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Jul 25 2014

Technique: Range set up for testing avy beacons

 

The author performing a grid search very near the burial location.

The author performing a grid search very near the burial location.

How do I test avy beacons, more properly known as avalanche transceivers?
What follows is my range set up, some notes and illustrations for newbies to understand basic terminology and concepts, and my general procedures. From an overall perspective, I’m just going through some predefined motions to test limits. In terms of the real important stuff, reliability and ergonomics are the bigger factors to consider. When I say reliability I don’t mean it will always work, but how well it recognizes, distinguishes, and holds on to the signal(s) it is receiving. As for the latter, there’s no way to test intuitiveness without somebody’s ass being on the line. I give it my best guess based on 20 years explaining these devices.

The Setup

One of the important aspects of testing any product are the conditions it is tested under. With avalanche transceivers it might seem more appropriate to test in snow, on a slope, but all that is really needed is an area that is void of electrical interference.

Electrical background noise

How the eye-in-the-sky views the beacon range for EYT.

How the eye-in-the-sky views the beacon range for EYT.

The range used for all beacon tests I write is an undeveloped plot of USFS land near Prosser Lake in Truckee, CA. It is on the edge of a small neighborhood and there is no detectable electrical interference. The closest interference would be the WiFi in our house, a good 20 meters beyond where any victims are positioned, at a much higher frequency.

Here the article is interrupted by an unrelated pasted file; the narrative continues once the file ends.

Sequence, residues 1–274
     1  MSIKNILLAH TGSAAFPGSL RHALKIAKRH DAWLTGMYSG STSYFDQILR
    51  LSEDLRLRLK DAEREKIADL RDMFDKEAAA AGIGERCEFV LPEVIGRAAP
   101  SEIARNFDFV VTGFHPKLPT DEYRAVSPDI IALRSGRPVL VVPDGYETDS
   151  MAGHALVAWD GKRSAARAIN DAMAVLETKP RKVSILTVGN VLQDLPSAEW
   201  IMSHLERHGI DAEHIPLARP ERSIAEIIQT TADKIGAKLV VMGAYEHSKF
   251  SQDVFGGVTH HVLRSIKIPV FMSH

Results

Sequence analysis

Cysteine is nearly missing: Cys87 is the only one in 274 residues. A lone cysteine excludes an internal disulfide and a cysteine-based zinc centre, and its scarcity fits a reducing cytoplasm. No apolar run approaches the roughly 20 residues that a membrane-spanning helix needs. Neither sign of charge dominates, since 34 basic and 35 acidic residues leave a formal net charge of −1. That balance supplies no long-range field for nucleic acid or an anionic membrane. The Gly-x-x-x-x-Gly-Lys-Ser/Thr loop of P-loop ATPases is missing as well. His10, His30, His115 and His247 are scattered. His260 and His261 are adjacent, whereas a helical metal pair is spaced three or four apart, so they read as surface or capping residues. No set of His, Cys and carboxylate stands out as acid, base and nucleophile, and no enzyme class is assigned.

Physical Characteristics

The range is moderately wooded with fir, Ponderosa and Lodgepole pines. Ground cover is a mix of sage brush, mules ears, and weeds. Even though trees should be transparent at 457 kHhz, my experience says they do affect the response of signals a little bit, but not in a way that wouldn’t be likely in a real avalanche rescue situation.

Orientation based Reception

Magnetic view of the range and what is meant by relative orientation between transmit and receive beacons.

Magnetic view of the range and what is meant by relative orientation between transmit and receive beacons.

The range has markers every 5 meters out to 55 meters, with specific trees as the marker at 60 meters and 40 meters. Distances between these markers are estimated and accurate to within +/- 0.5 m. Max range is based on the receiver being oriented so the longest antenna is parallel with the transmitting antenna, which is also called best-coupling range/orientation. Pivoting the receiver 90 degrees yields a poor-coupling position/orientation, and the “minimum” range.

Recording Response